Who was Edie Sedgwick and why should we care about her? Ah, the question Factory Girl promised to answer. But both the theatrical cut and this unrated version — with 15 minutes of new footage — do so only superficially, offering us a snapshot of a troubled socialite who briefly reigned over mid-1960s New York City as Andy Warhol’s muse before fatally overdosing at age 28. In her first lead role, Sienna Miller nails Sedgwick’s manic, mod-kitten charisma, and Guy Pearce, as Warhol, is creepy narcissism personified. What’s missing, even with restored scenes like the one in which Sedgwick wistfully recalls breaking a man’s heart, is a deeper exploration of what drew her to the Pop-art pioneer and, more importantly, who the woman behind those massive fake eyelashes really was. In his commentary, director George Hickenlooper says his intention was always for Factory Girl to play like a two-dimensional Warhol silkscreen and to feel ”like [Andy and Edie’s] superficial life.” Yet he also goes to great lengths to explain, time and again, that the movie hinges on deep emotion. How a film can possibly manage to do both is a mystery.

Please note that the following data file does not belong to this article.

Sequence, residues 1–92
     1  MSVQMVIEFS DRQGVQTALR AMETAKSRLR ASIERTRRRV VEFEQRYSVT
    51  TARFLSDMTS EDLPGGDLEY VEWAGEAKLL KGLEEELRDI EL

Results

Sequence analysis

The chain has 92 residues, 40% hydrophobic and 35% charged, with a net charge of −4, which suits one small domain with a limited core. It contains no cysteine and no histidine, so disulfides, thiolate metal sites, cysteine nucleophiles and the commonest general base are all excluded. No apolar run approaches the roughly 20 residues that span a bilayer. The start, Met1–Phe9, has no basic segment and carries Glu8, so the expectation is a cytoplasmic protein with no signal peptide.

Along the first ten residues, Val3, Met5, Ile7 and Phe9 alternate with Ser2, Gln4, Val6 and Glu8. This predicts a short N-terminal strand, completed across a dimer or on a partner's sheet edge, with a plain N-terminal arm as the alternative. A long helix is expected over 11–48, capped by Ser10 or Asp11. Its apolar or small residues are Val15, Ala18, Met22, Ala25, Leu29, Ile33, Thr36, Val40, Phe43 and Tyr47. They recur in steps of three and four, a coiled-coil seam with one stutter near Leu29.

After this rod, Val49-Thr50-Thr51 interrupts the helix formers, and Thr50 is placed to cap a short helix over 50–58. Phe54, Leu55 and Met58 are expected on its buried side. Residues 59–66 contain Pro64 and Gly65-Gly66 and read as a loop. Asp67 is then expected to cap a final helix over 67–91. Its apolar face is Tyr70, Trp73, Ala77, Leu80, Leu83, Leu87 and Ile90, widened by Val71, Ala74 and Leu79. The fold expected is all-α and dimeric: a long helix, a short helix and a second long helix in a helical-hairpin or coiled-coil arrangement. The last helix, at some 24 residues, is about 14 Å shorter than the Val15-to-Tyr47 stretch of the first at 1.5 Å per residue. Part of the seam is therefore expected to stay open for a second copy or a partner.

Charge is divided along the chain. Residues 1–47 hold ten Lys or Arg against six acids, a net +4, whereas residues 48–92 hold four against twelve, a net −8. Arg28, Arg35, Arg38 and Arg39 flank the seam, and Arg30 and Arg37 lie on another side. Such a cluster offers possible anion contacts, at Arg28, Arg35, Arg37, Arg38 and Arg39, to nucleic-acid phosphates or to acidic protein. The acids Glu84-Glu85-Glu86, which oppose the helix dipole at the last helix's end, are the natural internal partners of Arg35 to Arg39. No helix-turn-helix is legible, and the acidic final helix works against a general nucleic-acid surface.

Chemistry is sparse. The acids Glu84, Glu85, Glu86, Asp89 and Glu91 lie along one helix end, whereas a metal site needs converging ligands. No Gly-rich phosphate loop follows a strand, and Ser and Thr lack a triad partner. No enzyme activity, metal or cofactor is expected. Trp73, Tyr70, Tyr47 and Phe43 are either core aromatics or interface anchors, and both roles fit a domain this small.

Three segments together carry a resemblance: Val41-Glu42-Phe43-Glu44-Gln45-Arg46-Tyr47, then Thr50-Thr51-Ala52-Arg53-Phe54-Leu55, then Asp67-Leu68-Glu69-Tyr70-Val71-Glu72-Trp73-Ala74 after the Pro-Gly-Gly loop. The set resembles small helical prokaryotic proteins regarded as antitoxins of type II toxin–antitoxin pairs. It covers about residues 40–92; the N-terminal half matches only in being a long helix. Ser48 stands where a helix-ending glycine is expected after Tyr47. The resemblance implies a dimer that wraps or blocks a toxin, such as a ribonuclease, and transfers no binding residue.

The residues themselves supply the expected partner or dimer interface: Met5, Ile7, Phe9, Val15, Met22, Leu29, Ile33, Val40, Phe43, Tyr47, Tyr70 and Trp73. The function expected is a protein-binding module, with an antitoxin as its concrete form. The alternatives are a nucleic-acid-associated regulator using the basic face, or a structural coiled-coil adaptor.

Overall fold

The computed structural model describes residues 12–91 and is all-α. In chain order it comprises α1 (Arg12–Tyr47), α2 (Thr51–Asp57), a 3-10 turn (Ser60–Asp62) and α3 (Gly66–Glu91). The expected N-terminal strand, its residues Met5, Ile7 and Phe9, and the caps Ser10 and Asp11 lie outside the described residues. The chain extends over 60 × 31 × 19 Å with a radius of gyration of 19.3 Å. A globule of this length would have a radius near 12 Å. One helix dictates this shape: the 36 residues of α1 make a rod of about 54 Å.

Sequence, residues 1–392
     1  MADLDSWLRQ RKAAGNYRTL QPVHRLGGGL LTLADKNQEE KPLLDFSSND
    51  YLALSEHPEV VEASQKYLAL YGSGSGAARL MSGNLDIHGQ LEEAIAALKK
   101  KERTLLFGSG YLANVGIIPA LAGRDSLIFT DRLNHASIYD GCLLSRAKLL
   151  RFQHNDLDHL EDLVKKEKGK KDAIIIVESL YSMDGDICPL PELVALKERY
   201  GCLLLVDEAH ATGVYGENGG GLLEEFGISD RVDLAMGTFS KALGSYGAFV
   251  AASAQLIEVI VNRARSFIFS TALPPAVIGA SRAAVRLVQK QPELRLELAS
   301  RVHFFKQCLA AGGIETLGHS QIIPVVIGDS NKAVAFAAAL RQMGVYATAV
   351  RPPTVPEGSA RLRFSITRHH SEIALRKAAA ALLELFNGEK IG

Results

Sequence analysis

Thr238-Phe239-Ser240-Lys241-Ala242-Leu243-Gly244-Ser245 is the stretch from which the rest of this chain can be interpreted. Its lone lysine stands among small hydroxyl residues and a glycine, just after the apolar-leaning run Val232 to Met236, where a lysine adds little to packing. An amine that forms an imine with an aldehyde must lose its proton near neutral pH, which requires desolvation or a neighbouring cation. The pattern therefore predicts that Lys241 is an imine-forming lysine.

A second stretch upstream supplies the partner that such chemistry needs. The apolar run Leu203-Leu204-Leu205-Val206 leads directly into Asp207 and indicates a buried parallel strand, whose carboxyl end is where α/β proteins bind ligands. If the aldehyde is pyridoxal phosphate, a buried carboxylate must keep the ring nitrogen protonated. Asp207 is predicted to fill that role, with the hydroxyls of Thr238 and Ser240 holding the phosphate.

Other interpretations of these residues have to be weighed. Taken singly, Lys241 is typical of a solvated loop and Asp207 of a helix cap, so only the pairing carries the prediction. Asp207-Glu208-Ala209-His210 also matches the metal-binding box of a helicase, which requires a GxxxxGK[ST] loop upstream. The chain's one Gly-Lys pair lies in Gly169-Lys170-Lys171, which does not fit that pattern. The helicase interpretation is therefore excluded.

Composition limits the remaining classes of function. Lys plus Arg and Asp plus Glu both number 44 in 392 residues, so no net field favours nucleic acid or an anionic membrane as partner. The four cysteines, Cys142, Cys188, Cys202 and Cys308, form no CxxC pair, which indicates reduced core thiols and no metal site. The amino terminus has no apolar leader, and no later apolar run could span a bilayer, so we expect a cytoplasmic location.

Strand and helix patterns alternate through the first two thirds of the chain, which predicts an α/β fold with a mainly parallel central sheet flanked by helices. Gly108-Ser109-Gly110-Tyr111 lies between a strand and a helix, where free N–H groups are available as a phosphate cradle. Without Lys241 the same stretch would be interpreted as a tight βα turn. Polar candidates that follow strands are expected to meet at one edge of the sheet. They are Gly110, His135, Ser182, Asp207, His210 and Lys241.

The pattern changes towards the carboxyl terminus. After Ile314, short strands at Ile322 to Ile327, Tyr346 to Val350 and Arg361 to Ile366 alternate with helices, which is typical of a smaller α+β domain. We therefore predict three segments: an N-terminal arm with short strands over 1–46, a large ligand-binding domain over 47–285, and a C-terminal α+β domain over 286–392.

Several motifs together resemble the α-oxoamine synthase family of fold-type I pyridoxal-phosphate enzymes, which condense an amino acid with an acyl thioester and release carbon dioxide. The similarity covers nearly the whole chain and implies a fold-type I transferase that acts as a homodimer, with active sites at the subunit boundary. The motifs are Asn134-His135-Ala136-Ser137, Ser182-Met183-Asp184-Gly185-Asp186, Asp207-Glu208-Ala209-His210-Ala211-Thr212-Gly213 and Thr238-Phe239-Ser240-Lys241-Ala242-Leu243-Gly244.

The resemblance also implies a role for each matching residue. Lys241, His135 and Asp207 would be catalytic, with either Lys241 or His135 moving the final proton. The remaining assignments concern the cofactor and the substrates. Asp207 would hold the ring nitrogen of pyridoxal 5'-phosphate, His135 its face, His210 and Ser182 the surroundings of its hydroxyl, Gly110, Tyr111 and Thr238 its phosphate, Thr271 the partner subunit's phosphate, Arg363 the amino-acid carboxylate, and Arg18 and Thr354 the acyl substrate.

Of course, Hickenlooper would probably just tell me that I’m not smart enough to grasp his point. Because his commentary also attacks the critics who panned his movie, especially the ”consumer guide reviewers” from ”suburban newspapers” who dream of becoming part of the ”New York literati.” It’s incredibly condescending. And revealing about his own insecurities as a filmmaker. C+